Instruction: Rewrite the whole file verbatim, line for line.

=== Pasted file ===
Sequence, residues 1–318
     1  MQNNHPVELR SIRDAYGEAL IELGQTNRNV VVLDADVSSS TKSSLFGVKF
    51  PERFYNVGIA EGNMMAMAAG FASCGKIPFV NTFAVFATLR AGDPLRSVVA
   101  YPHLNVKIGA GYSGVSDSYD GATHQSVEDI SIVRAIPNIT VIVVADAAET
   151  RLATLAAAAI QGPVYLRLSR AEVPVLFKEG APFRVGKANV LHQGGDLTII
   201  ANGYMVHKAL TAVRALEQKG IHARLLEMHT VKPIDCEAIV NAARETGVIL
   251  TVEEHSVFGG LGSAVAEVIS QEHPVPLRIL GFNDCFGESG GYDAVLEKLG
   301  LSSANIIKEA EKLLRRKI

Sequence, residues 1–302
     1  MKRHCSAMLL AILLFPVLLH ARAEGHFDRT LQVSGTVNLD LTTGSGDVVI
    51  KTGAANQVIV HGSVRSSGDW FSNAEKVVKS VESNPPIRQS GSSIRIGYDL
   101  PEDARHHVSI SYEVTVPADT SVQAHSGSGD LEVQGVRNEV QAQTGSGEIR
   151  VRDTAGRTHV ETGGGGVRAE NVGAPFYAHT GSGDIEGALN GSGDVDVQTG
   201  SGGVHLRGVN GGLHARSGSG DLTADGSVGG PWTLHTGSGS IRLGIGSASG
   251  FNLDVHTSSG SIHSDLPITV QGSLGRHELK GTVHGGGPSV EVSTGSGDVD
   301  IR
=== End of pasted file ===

Sequence, residues 1–318
     1  MQNNHPVELR SIRDAYGEAL IELGQTNRNV VVLDADVSSS TKSSLFGVKF
    51  PERFYNVGIA EGNMMAMAAG FASCGKIPFV NTFAVFATLR AGDPLRSVVA
   101  YPHLNVKIGA GYSGVSDSYD GATHQSVEDI SIVRAIPNIT VIVVADAAET
   151  RLATLAAAAI QGPVYLRLSR AEVPVLFKEG APFRVGKANV LHQGGDLTII
   201  ANGYMVHKAL TAVRALEQKG IHARLLEMHT VKPIDCEAIV NAARETGVIL
   251  TVEEHSVFGG LGSAVAEVIS QEHPVPLRIL GFNDCFGESG GYDAVLEKLG
   301  LSSANIIKEA EKLLRRKI

Sequence, residues 1–302
     1  MKRHCSAMLL AILLFPVLLH ARAEGHFDRT LQVSGTVNLD LTTGSGDVVI
    51  KTGAANQVIV HGSVRSSGDW FSNAEKVVKS VESNPPIRQS GSSIRIGYDL
   101  PEDARHHVSI SYEVTVPADT SVQAHSGSGD LEVQGVRNEV QAQTGSGEIR
   151  VRDTAGRTHV ETGGGGVRAE NVGAPFYAHT GSGDIEGALN GSGDVDVQTG
   201  SGGVHLRGVN GGLHARSGSG DLTADGSVGG PWTLHTGSGS IRLGIGSASG
   251  FNLDVHTSSG SIHSDLPITV QGSLGRHELK GTVHGGGPSV EVSTGSGDVD
   301  IR